New bank ‘payday loans’ sound watchdog alarms

As Colorado lawmakers wrangle over whether or not to regulate “payday loans” in the state, national mainstream banks are increasingly offering similar products– short-term, high-interest loans secured by a pending paycheck. That’s a bad thing, according to a consumer group that called on the Office of the Comptroller of the Currency to stop the practice.

Banks including Wells Fargo and U.S. Bank are giving customers advances on their paychecks, typically for a fee of $10 per $100 borrowed, which translates to an annual percentage rate of 120 percent or higher, if repaid in under one month, according to a report by the Center for Responsible Lending.

“These products ensure that many borrowers will end up trapped in cycles of debt,” the report stated. “Unless the OCC and other bank regulators take action with regard to bank payday loans, these products will likely proliferate throughout the banking industry as financial institutions look for new sources of fee income.”

In recent years, several states have cracked down on payday lending, which typically operates out of simple storefronts. Fifteen states and the District of Columbia prohibit triple-digit interest rates on loans to consumers, according to the Center. But national banks are subject to regulation by the OCC, a part of the U.S. Treasury Department, and thus evade the limits. Consumer advocates are particularly concerned about Wells Fargo extending the reach of the products through its recent acquisition of Wachovia Bank.

Wells Fargo defended its loan product as a service to existing customers caught in an emergency, whose high cost is fully disclosed and complies with state and federal law.

“Wells Fargo does not consider our Direct Deposit Advance Service ‘exploitative’ nor is it a ‘payday loan,’” spokeswoman Richele Messick said in an email response to questions. “We reach out to customers at all stages of their usage of the service, reminding them of the expense of this product and encouraging them to seek less expensive alternatives.”

A U.S. Bank spokeswoman didn’t respond to requests for comment.

In 2000, the OCC stopped national banks from partnering with payday lenders, the Center said, calling on the agency to crack down on banks that are now directly making these kinds of loans. The OCC should also gather information on bank customers’ usage of these products and the impact on minority communities, which are disproportionately affected by payday lending, the report said.

The OCC doesn’t have a problem with national banks offering this type of loan, spokesman Dean DeBuck said.

“It’s not a payday loan. It’s available through banks and bank branches. It’s something you don’t get at a storefront,” DeBuck said. “This is a product that is offered to customers and they don’t have to use it. If it works for them, fine. If it’s not suitable for them, they can find something else.”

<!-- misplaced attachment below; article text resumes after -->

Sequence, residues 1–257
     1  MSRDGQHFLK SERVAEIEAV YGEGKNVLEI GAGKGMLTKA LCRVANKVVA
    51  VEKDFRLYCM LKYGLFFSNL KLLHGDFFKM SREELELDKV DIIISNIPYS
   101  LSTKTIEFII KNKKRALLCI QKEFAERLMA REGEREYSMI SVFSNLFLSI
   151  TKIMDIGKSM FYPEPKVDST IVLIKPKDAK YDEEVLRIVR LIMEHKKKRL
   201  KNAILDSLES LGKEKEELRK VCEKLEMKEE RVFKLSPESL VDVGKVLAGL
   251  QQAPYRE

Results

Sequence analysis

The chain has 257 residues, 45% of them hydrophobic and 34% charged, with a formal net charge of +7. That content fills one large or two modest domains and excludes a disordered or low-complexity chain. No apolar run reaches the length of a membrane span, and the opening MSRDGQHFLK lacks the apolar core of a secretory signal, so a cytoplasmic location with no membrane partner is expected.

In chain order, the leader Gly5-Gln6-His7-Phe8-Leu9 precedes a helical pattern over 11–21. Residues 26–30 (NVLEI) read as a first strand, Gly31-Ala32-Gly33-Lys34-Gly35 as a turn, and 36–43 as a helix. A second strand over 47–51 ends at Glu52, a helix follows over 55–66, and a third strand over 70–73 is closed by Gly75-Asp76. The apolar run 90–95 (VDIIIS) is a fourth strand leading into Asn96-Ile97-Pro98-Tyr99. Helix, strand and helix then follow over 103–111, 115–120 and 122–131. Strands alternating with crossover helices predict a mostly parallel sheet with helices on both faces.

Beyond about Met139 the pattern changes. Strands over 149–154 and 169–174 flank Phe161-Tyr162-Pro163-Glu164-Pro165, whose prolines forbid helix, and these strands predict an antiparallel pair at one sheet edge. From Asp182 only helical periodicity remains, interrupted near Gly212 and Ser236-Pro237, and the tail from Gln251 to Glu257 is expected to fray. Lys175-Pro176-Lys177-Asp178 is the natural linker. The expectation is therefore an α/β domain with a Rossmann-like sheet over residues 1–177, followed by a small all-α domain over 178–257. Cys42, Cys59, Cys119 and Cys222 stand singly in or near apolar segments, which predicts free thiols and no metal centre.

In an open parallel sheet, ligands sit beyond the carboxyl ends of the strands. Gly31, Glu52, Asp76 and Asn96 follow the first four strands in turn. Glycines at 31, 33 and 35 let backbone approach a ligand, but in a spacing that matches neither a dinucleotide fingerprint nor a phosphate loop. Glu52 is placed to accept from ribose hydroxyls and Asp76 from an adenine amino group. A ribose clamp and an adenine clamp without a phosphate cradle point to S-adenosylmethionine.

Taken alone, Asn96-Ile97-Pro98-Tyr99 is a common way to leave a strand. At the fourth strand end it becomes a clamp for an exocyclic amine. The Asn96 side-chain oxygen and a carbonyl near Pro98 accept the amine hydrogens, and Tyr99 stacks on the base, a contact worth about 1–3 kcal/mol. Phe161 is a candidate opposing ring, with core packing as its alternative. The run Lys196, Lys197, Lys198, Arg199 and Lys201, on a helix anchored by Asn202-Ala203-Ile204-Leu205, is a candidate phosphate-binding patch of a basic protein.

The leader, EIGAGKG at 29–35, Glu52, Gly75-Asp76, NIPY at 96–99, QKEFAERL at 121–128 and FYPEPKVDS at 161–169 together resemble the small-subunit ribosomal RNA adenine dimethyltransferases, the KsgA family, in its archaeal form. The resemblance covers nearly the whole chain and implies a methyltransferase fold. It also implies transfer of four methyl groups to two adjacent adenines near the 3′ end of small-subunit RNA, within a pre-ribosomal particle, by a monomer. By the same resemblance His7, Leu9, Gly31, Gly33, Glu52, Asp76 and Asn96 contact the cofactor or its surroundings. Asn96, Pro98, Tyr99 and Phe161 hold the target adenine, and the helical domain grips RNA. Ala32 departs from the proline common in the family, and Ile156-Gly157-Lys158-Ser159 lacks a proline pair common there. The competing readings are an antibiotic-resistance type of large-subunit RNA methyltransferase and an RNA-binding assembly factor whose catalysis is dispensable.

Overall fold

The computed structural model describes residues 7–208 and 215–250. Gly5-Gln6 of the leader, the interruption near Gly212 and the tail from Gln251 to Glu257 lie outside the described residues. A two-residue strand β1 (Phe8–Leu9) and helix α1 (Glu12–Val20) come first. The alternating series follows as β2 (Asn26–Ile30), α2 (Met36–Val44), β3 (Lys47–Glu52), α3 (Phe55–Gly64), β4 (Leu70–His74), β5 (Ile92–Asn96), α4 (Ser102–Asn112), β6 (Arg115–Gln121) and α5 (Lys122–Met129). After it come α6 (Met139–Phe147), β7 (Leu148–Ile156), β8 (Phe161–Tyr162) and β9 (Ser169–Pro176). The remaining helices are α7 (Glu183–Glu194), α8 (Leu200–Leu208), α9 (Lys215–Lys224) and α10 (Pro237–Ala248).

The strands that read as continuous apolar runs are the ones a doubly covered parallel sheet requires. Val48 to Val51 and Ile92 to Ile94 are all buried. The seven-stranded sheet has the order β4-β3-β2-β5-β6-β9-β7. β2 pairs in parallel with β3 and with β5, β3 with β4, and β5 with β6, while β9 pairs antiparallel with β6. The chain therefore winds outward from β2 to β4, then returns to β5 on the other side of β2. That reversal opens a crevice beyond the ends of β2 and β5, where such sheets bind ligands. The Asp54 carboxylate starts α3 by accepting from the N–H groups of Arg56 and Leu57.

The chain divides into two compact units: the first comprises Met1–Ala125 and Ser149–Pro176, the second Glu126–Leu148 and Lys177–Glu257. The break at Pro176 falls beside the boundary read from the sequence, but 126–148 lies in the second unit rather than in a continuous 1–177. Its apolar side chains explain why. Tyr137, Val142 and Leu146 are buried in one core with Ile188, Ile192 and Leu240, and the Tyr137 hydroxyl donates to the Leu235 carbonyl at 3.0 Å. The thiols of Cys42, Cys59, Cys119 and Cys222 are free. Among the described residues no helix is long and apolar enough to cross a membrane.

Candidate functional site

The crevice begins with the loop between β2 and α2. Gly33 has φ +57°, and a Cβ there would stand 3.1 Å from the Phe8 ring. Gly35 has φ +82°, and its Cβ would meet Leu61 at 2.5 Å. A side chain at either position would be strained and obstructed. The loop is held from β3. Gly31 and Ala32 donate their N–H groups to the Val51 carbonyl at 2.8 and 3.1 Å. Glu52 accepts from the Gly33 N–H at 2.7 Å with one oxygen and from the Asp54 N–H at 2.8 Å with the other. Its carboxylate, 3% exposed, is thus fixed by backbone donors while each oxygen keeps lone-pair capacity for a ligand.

Here’s how the Wells Fargo and U.S. Bank products work, according to the Center. A banking customer who is signed up for direct deposit of at least $100 every 35 days may take an advance of $500 or half of the monthly direct deposit income, whichever is less. The funds are automatically repaid from the incoming direct deposit funds or existing balance.

A key problem is that the bank doesn’t evaluate the customer’s ability to repay the loan, as it would with a mortgage or consumer loan, Center spokeswoman Kathleen Day said.

“It’s not a good idea to lend money to someone that they can’t afford to repay,” Day said. From the customer’s perspective, “it would be better to take a $100 cash advance and pay it back over the year because you’d only be paying a double-digit APR.”

The OCC is primarily concerned with the safety and soundness of national banks, which actually improves when the banks make more money off their customers, noted David Min, associate director for financial markets policy at the Center for American Progress, a progressive think tank.

“The prudential regulators don’t necessary care as much if the consumers are being misled,” Min said. “They’re not always going to be a good consumer protection regulator.”

In a separate report, the Center said overdraft programs at national banks are among the worst in the industry and called on the OCC to curb abuses.

“Most national banks have adopted automated overdraft systems through which the bank routinely lends accountholders the money to cover any transaction — including those conducted with debit cards that customers often would prefer not to be covered,” the report said. “Banks charge a fixed fee averaging about $34 per incident and engage in a number of abusive practices that help to maximize overdraft fee revenue.”

The Center’s review of the 13 largest national banks, which hold about 80 percent of the $4 trillion deposits at U.S. national banks, found that the banks automatically enroll customers in the highest-cost overdraft program available, despite having lower-cost alternatives, and allow multiple overdraft fees to be charged in a single day.

In response to concerns about overdrafts on debit card use, the Federal Reserve approved new rules that take effect in July, requiring banks to opt in customers to any overdraft fees charged on ATM withdrawals or one-time debit card transactions. Bank of America earlier this month announced it will block any debit card transactions that would overdraw a customer’s account, to avoid charging an overdraft fee.

Katherine Reynolds Lewis is a Washington-area writer specializing in finance, work and family issues. Her work appears in the Fiscal Times,, Washington Post Magazine and Parade.

Got a tip? Freelance story pitch? Send us an e-mail. Follow The Colorado Independent on Twitter.